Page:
With the inauguration of a National Minimum Wage Committee on Monday, November 27, President Muhammadu Buhari has formally set in motion the process for the fixing of a new national minimum wage. The 30-man tripartite committee which is headed by former Head of Service, Amal Pepple, has representation from the public and private sectors, as well as organised labour and other stakeholders.
International labour laws prescribe a periodic review of the national minimum wage for all affiliate countries, and as the president acknowledged at the inauguration of the committee, Nigeria has been in breach of the provision. This has led to sustained pressure from the labour unions and their affiliates on successive governments for an immediate review of the national wage. The current national minimum wage is N18,000.
The amount, which was fixed many years ago, has become grossly inadequate because of spiralling inflation and the general economic downturn. As the Nigeria Labour Congress (NLC) President, Ayuba Wabba, has recalled, the US dollar exchanged for about N110 at the time the current national minimum wage was fixed. Today, the exchange rate at the interbank window is N305/ 1USD. This has made the need for an urgent review of the minimum wage self-evident and we congratulate the government for finding the courage to take the first concrete step towards arriving at a new minimum wage for the country.
A minimum wage for the country, we must emphasise, means the minimum wage any worker, be it in the public or private sector, should be paid in the country. Different tiers of government and private organisations can pay more, depending on their capabilities and priorities. This is why the warning by the president to the review committee that they should come up with a minimum wage that all tiers of government and relevant stakeholders can afford is very important.
Affordability is important, so also is the dignity of the worker. It is a delicate tightrope that the committee has to walk and it must discharge the assignment expeditiously. The committee has a very important assignment to perform, so its members must do their best to arrive at an agreeable resolution in the best interest of all stakeholders.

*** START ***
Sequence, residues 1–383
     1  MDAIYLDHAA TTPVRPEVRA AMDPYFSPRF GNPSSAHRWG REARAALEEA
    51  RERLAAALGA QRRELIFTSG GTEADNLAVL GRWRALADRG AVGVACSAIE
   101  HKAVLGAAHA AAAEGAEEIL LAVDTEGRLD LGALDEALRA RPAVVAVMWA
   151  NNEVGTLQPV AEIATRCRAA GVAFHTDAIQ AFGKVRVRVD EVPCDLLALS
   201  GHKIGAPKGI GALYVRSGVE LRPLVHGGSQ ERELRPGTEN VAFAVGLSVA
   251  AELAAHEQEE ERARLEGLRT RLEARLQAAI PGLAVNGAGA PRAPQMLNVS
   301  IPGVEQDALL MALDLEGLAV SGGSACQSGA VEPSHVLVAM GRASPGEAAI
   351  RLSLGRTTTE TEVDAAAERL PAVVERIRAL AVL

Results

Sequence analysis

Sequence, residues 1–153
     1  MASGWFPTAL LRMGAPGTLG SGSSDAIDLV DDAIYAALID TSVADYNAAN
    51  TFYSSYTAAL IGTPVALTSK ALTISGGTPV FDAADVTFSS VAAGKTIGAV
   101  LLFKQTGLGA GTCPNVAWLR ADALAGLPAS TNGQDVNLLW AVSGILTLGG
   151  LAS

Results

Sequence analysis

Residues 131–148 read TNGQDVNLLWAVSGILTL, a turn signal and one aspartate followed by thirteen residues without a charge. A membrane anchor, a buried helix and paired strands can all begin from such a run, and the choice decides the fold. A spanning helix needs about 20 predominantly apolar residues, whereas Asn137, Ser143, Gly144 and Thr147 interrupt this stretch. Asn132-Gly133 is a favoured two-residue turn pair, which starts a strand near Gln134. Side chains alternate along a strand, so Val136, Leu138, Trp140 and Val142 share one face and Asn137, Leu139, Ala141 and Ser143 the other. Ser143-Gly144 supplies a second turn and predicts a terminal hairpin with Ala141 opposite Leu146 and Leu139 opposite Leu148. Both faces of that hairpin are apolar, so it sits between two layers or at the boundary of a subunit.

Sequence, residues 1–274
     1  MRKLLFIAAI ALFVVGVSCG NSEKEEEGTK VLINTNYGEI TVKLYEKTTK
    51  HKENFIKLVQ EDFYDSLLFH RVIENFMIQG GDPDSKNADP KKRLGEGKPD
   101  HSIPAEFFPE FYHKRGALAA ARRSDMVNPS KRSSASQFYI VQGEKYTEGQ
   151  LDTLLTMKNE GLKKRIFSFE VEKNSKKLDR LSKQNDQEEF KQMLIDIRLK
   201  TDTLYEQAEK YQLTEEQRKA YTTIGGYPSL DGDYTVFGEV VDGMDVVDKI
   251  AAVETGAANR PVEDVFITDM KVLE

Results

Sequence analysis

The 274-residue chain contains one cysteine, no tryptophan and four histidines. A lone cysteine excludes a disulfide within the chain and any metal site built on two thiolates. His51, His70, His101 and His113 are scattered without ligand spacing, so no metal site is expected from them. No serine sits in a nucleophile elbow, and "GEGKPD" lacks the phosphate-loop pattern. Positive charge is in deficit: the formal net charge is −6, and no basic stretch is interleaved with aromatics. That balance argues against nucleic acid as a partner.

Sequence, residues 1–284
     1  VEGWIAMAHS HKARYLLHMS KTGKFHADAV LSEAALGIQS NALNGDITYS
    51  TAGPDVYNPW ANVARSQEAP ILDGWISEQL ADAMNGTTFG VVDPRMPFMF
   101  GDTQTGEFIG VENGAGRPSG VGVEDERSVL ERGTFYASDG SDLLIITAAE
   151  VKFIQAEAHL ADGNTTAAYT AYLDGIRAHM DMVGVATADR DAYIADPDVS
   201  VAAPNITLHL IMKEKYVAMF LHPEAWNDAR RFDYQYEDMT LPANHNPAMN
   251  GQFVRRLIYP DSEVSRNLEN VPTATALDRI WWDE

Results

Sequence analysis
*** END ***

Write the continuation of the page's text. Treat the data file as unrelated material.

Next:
We note that there has always been reluctance to pay the fixed minimum wage. The state and local governments, and the private sector operators, have been most culpable. One of the reasons for the tardy implementation of the wage may be the lack of proper consultation with all the stakeholders. The government, in the past, never got a consensus on what the minimum wage should be. But, one thing that is clear is that the country has not always done well on this issue. In the U.S. for example, the minimum wage is presently set at $7.25/hour. Even in the sub-region, a number of our less-endowed sister countries pay higher minimum wages to their workers.
This is why those in the committee saddled with the important task of fixing a new national minimum wage must consider the plight of the average Nigerian worker and fix an amount that can be considered equitable. Paying a living wage to workers can guard against corruption that has decimated most sectors of our national life.
No matter the alternative welfare packages that government institutes as some critics of a raise of the minimum wage have canvassed, the truth remains that paying workers a living wage does a lot for their physical and psychological well-being. It can also go a long way to boost the workers’ productivity and the national ethos.
What is required in the end is the will of all employers of labour to pay the fixed wage. From our experience of serial default on this matter in the past, we know that the instinctive reaction of some employers would be to downsize.
We, however, enjoin them to look at the long term effects of a motivated workforce on their operations and the overall national economy, and resolve to pay the new minimum wage.